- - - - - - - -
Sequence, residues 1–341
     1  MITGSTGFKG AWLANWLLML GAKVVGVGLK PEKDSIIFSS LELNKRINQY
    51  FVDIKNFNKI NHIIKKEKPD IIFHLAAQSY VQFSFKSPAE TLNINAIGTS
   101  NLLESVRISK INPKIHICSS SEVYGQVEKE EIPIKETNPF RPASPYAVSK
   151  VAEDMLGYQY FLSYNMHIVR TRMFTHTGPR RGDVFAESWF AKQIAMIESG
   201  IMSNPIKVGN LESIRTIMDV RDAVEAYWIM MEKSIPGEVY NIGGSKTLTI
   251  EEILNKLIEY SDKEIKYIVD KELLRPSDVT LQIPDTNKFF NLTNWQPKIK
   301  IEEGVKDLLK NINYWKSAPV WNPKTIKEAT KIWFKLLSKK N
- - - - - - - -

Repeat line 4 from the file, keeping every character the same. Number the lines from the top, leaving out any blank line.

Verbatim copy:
   101  NLLESVRISK INPKIHICSS SEVYGQVEKE EIPIKETNPF RPASPYAVSK